Perhaps the lack of coverage in "Empire Of Dreams" is due to the filmmakers' desire to avoid addressing the controversy and confusion that has existed regarding the presentation type audiences experienced in the opening weeks of release. Numerous books, articles and fan recollections have attributed "Star Wars" as having an exclusive opening in the Dolby Stereo process (Dolby System, as it was then known). Other claims have included "Star Wars" being the first film ever released in Dolby Stereo, or that all of the initial prints of the film were in the 70-millimeter wide gauge format. None of the claims are correct, though by extensively researching the subject it becomes clear how one could be misled

"Star Wars" was indeed released in Dolby Stereo, but was not the first film to utilize the then-fledgling technology. A few films prior to "Star Wars" were released in various forms of Dolby Stereo on a limited or test engagement basis. Examples include "Tommy" (1975), "Nashville" (1975), "Lisztomania" (1975), "Logan's Run" (1976), and "A Star Is Born" (1976). "Star Wars" was the first attempt at a wide release in the Dolby Stereo format in the sense that all of the prints put into circulation in the initial wave were Dolby-encoded. All of the prints, however, were not necessarily decoded during playback using Dolby equipment; in other words, the initial mono presentations were Dolby prints played in mono. It appears that the distributor sought to book "Star Wars," at the filmmakers' urging, in as many theatres as possible willing to install Dolby sound systems. The number of suitably-equipped venues, however, fell short of the total number of prints initially put into circulation. As for release prints in the deluxe (and expensive) 70mm format -- with its superior projection quality and exquisite six-track magnetic audio -- they were kept to a minimum.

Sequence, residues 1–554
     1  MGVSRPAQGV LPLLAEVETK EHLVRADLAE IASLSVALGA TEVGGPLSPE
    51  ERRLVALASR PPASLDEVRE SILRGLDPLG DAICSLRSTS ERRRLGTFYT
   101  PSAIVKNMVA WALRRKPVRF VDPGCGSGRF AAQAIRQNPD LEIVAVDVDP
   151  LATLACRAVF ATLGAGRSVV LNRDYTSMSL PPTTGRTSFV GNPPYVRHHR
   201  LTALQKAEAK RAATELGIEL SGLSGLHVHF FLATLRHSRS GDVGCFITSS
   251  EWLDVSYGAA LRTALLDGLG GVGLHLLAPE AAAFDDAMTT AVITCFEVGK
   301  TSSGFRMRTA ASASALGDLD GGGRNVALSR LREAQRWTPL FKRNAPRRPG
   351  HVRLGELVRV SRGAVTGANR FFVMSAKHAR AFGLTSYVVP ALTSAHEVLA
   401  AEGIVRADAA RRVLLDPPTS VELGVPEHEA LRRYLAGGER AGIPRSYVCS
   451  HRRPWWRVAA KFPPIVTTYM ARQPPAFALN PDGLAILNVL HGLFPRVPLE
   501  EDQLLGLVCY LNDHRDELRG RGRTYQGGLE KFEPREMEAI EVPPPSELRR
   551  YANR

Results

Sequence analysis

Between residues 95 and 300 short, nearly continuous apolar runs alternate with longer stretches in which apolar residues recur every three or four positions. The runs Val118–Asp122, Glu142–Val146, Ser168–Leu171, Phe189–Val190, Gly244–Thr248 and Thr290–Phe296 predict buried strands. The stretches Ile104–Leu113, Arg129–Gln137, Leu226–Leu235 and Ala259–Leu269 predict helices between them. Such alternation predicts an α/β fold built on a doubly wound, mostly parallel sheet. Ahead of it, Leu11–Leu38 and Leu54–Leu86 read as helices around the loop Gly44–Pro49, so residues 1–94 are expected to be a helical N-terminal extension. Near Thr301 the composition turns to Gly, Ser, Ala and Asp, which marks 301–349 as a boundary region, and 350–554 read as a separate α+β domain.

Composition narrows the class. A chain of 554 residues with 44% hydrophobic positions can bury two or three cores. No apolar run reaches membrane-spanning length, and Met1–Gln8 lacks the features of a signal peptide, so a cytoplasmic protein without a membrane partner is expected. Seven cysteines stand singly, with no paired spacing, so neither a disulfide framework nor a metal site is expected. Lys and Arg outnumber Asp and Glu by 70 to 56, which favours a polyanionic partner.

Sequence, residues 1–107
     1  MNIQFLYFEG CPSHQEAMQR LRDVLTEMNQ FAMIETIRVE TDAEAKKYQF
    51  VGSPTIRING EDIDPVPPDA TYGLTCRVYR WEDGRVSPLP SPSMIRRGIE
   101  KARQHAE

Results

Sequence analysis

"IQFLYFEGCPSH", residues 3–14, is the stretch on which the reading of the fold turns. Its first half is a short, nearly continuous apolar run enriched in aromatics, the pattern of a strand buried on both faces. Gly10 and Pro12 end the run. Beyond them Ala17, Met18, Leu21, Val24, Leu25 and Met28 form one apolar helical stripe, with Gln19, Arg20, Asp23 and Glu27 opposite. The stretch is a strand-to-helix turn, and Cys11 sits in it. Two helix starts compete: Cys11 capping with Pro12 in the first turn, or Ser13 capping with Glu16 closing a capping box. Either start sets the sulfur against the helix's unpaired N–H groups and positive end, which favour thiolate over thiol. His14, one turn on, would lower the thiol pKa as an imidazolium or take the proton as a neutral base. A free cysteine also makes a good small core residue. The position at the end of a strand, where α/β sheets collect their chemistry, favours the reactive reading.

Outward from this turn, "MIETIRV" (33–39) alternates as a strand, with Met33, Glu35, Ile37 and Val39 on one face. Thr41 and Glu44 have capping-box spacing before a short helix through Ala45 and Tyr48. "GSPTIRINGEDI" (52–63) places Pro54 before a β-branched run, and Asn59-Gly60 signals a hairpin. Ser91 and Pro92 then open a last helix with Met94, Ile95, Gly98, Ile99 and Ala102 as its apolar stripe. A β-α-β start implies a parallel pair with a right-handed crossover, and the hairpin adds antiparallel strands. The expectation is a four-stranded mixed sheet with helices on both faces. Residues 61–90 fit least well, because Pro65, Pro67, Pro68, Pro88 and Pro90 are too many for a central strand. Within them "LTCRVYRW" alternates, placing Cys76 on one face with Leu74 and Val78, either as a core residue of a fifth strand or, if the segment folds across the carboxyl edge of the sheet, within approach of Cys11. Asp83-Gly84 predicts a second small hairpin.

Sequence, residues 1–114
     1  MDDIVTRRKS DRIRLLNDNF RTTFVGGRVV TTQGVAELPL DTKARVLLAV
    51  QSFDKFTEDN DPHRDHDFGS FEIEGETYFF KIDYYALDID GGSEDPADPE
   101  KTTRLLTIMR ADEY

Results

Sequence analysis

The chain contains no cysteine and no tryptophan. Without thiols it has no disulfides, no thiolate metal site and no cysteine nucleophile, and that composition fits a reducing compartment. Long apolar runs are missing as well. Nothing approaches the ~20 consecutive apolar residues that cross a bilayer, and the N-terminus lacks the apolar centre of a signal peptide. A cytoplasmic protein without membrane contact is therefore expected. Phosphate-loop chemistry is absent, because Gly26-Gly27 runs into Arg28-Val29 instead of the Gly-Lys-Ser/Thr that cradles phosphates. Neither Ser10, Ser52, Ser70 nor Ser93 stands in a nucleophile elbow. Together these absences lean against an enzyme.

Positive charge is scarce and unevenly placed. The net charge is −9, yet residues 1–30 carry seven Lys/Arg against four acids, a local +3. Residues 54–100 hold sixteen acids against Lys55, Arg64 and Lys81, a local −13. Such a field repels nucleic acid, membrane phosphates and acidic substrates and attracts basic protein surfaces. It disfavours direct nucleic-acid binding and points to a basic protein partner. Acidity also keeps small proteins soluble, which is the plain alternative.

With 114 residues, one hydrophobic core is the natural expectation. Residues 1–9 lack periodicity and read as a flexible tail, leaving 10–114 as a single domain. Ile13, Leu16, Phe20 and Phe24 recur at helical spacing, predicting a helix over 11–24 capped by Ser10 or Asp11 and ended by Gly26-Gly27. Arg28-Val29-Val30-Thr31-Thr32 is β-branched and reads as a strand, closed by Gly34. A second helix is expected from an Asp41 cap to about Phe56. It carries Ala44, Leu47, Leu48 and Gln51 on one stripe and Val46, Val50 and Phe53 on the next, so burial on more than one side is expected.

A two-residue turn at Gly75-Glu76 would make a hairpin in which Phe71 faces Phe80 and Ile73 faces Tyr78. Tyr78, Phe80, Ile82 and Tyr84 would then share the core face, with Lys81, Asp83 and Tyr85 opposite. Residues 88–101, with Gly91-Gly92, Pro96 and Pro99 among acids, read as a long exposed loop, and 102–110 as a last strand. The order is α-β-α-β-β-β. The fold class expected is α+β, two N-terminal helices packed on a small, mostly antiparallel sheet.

But I Swear I Saw 'Star Wars' In 70mm



42
70mm Dolby Baby Boom
6-track A-type Dolby NR, Baby Boom tracks 2 & 4

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Many technology-savvy and quality-conscious moviegoers may have a distinct recollection of attending a 70mm (blow-up) presentation of "Star Wars." However, in looking over the list of original engagements some may be surprised to find that only eight 70mm engagements are noted, and that they were limited to theatres in the Los Angeles, New York, and San Francisco markets. Ah, but some of you are positive you saw a 70mm showing at a big, famous theatre in Washington, D.C., or Dallas, or Chicago, or Detroit, or even Honolulu. Well, you did... but not during the film's opening weekend!

Throughout the summer and fall of 1977, as "Star Wars" continued to perform beyond expectations, Fox ordered several new 70mm prints, and many theatres were provided with a large-format print. By Christmas 1977

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When people fondly recall the soundtrack experience of "Star Wars" -- the rumble of the Imperial Cruiser in the classic opening scene... the squeaks and chirps of R2-D2... the hum of the lightsabers... the roar of the TIE Fighters... the Millennium Falcon's escape from the Mos Eisley spaceport and jump to hyperspace... the unforgettable John Williams music score... the climactic explosion of the Death Star... -- it is likely that one's memory is based upon having attended a 70mm Six-Track Dolby Stereo presentation, with its easily apparent superiority over conventional 35mm stereo and monaural presentations. While all things "digital" are commonplace today, back then 70mm was the Rolls-Royce of the movies.